Stephen J. Pytak writes in the Republican Herald:
MINERSVILLE – A replica of the Shroud of Turin, the famous linen which believers say Joseph of Arimathea used to wrap the body of the crucified Jesus Christ more than 1,970 years ago, will soon be on display in a church in the borough.
It will be on display at St. Nicholas Parish, a Ukrainian-Catholic church at 415 Front St., from March 21 to April 1, according to the Rev. Mark Fesniak, pastor.
"It’s beautiful," Fesniak said Thursday.
Archbishop Stefan Soroka of the Ukrainian Archdiocese of Philadelphia has arranged for the replica to be on display in Minersville, according to Fesniak.
"He enjoys sending it to churches which have schools," Fesniak said.
Some area students have already seen this particular replica.
In April 2010, students from St. Nicholas School in Minersville saw it at the Ukrainian Catholic Cathedral of the Immaculate Conception in Philadelphia, according to Fesniak.
"My nephew was there," Brophy said. His name is Lucas Rinaldo, 13. And she said he’ll be looking forward to seeing it again. "He said he thought it was ‘so neat,’ " Brophy said.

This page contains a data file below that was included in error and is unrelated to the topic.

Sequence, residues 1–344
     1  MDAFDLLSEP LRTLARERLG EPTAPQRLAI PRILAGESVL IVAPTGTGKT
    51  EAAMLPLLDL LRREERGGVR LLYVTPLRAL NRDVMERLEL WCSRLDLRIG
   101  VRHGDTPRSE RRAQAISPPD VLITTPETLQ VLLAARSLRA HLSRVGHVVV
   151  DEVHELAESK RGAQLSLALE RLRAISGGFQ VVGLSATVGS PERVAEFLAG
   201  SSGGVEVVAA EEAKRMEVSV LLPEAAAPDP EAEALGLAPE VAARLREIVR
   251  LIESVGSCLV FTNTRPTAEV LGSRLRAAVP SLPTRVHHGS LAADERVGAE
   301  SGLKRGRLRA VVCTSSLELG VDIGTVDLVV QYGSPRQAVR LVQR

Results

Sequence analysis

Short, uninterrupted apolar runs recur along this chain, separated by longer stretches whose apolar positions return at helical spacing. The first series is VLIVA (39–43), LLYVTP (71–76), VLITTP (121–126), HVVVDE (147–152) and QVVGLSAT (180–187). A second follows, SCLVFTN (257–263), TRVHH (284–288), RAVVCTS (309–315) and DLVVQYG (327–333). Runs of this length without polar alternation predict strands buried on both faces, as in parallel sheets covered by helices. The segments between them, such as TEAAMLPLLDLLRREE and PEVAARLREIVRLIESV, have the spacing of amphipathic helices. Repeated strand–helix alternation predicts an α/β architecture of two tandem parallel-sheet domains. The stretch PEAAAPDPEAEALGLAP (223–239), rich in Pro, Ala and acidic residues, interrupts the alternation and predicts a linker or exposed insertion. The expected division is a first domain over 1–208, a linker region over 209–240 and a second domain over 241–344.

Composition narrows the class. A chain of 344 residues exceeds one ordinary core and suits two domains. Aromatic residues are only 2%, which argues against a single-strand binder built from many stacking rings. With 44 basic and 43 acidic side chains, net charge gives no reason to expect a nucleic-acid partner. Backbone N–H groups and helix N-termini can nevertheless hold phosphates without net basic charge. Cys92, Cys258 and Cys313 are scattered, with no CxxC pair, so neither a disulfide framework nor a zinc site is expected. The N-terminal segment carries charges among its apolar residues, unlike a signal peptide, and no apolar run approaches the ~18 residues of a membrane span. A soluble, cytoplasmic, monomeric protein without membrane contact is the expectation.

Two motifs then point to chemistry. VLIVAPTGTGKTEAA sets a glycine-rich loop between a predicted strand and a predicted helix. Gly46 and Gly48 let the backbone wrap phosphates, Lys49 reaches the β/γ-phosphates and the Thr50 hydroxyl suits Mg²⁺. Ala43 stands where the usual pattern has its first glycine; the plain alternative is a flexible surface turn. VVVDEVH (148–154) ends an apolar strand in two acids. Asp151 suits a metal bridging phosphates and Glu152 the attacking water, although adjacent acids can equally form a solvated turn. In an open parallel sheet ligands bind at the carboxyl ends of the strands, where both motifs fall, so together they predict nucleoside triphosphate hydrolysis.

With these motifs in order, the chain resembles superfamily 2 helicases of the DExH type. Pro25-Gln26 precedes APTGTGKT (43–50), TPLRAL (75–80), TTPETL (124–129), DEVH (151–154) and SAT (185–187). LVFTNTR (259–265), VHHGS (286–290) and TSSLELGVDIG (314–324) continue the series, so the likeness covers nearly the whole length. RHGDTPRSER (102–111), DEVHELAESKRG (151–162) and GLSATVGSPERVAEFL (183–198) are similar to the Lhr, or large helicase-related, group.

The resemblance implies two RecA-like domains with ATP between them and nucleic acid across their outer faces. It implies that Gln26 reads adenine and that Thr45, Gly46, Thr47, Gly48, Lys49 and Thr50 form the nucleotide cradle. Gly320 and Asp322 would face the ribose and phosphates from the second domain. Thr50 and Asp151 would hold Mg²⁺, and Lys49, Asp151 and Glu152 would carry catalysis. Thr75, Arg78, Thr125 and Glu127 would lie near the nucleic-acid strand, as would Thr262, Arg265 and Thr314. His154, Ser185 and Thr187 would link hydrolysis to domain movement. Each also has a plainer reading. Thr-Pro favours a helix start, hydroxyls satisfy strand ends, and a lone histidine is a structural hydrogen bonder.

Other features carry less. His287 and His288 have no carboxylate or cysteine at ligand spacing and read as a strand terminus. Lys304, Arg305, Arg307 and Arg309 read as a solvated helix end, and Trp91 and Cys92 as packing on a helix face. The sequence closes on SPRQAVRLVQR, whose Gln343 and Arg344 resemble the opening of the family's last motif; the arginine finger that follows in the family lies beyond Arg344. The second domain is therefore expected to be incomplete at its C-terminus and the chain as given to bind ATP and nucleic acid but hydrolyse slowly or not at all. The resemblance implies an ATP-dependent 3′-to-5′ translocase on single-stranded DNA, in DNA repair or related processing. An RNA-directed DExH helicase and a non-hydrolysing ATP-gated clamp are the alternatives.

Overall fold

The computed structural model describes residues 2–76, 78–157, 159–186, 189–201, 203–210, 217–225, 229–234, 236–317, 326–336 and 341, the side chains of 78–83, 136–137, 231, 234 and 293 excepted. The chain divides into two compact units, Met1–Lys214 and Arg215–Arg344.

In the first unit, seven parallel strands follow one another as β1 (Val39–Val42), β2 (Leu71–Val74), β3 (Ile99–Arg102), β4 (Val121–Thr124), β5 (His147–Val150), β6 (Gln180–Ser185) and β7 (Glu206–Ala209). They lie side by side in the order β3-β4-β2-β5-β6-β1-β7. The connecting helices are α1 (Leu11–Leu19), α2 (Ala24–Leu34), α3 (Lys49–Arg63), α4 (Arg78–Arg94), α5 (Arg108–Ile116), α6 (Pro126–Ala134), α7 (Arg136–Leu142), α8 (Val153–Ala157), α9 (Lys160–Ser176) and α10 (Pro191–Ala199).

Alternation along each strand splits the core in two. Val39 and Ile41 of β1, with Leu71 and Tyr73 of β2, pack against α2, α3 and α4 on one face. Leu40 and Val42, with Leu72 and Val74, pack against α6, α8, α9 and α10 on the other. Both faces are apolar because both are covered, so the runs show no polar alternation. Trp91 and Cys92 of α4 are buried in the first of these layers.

The actual shroud is a 14-foot long, 3 1/2-foot wide linen cloth bearing the front and back image of a scourged, crucified man, according to shroud.com, the website for the Shroud of Turin Education and Research Association, Florissant, Colo.
The shroud became the property of the Catholic Church in the late 1980s and has been kept in Turin, Italy, since 1578, according to shroud.com.
This replica is exact, Fesniak said. "The cloth is made of hand-twisted flax, a very expensive, fine linen cloth which would support the prescriptions for traditional Jewish burial," Fesniak said.
"It bears the faint front and back image of a 5-foot, 10-inch tall bearded, crucified man with apparent wounds and bloodstains that match the crucifixion account as recorded in the Bible. Millions of people over the centuries have believed it to be the actual burial shroud of Jesus of Nazareth," Fesniak said.
The replica will be unveiled at the church at the Stations of the Cross scheduled for 6:30 p.m. March 21.